ITC chair asked why they offered used E190s to Delta instead of 737s. Boeing panel witness responds that it offered a mixture of used E190s to compliment transcon 717s.
 
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coronado
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Re: U.S. Dept of Commerce backs Boeing in dispute with Bombardier

Tue Dec 19, 2017 3:44 am

What is a transcon 717? IIRC correctly atl-slc is about at most 3/4 transcon.
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Andre3K
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Re: U.S. Dept of Commerce backs Boeing in dispute with Bombardier

Tue Dec 19, 2017 4:10 am

LockheedBBD wrote:
Andre3K wrote:

Remember what happened with the L-1011? If they have big brother government back then carrying the purse on that, it might have went differently(though Rolls Royce didn't help the situation).



Source: http://www.nytimes.com/1981/12/08/us/lo ... wanted=all
In 1971 Congress agreed to establish Federal loan guaratees to help keep Lockheed afloat. But it was generally agreed in the aerospace industry that Lockheed's marketing effort for the Tristar never recovered from the momentum it lost in the early 1970's. Many Wall Street analysts have been predicting for years that Lockheed would have to abandon the money-losing program.


Source: http://www.thecrimson.com/article/1976/ ... actor-pon/
By 1971, only a $250 million U.S. government guarantee of private bank loans enabled the company to survive.


According to this inflation calculator: http://www.in2013dollars.com/1971-dolla ... =250000000
$250,000,000 in 1971 would be worth $1,511,024,691 today.


https://en.wikipedia.org/wiki/Lockheed_bribery_scandals
Lockheed paid ¥2.4 billion to earn the contract from ANA. ¥500 million of the total was received by the Prime Minister. ¥160 million was received by ANA's officials. ¥1.7 billion was received by Kodama. On October 30, 1972, ANA announced its decision to purchase 21 Lockheed L-1011 Tristars, which cost approximately $5 million each, even though it had previously announced options to purchase the DC-10.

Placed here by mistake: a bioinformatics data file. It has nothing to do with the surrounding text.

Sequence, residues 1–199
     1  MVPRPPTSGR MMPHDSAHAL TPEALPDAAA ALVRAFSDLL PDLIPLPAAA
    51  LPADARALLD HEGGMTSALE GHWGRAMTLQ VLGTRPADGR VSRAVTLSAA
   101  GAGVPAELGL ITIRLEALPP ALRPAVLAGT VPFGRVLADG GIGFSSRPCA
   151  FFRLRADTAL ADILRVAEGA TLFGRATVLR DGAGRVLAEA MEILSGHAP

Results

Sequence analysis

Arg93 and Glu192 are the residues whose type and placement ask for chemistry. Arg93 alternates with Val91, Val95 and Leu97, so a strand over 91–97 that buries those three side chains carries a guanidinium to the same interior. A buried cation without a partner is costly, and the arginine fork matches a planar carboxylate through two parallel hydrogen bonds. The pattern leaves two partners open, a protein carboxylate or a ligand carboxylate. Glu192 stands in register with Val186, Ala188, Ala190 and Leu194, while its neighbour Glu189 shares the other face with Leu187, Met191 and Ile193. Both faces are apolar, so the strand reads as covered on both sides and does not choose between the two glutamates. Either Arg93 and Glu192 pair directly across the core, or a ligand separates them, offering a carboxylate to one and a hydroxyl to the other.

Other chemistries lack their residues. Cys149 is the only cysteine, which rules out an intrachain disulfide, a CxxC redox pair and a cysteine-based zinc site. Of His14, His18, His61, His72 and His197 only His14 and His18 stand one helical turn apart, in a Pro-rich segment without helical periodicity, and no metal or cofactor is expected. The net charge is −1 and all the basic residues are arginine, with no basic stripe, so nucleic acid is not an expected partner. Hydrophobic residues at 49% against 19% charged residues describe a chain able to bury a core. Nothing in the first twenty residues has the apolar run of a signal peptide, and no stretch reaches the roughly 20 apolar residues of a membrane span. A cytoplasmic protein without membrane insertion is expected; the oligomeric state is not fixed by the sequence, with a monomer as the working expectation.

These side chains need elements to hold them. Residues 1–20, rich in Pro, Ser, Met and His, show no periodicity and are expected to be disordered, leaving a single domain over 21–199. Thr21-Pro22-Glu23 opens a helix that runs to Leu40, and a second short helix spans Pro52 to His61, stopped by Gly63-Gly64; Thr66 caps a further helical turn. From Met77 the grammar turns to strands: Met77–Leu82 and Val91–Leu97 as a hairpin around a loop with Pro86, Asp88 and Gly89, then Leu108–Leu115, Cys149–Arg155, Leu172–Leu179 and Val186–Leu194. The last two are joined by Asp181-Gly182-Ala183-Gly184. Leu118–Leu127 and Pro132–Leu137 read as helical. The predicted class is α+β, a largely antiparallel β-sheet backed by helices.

https://en.wikipedia.org/wiki/Lockheed_bribery_scandals
Between 1970 and 1975, Lockheed paid Saudi Arms dealer Adnan Khashoggi $106 million in commissions. His commissions started at 2.5% + and eventually rose to as much as 15%. Khashoggi "became for all practical purposes a marketing arm of Lockheed. Adnan would provide not only an entree but strategy, constant advice, and analysis," according to Max Helzel, then vice president of Lockheed's international marketing.


Thanks for that. I've always wondered if there was a quick summary of all the foul shiat that Lockheed has done.

Didn't know the L-1011 had government loans (or was it just straight up given, i'm too lazy to read into all that stuff you posted). I guess most aerospace companies have been on the verge of bankruptcy at least once (Airbus might be an exception?)
 
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Re: U.S. Dept of Commerce backs Boeing in dispute with Bombardier

Tue Dec 19, 2017 4:15 am

scbriml wrote:
CX747 wrote:
They lost the Canadian F/A-18 interim replacement contract for 18 jets......and won an order for 80+ from the USN. So far, so good.


The USN part is irrelevant since they would have 'won' that order regardless of what happened with Canada. So, more accurate to simply say "They lost a multi-billion dollar order from Canada."


Yes, they lost the Canadian deal. They also won a deal for 80+ jets from the USN. The two are NOT tied together but illustrate how business moves on. Lost a deal for 18 new jets, won a deal for 80 new jets and have the contract to return 30-40 F/A-18Cs to combat ready status on behalf of the USMC from AMARG. Life and business go on.
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CX747
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Re: U.S. Dept of Commerce backs Boeing in dispute with Bombardier

Tue Dec 19, 2017 4:21 am

Jamie514 wrote:
CX747 wrote: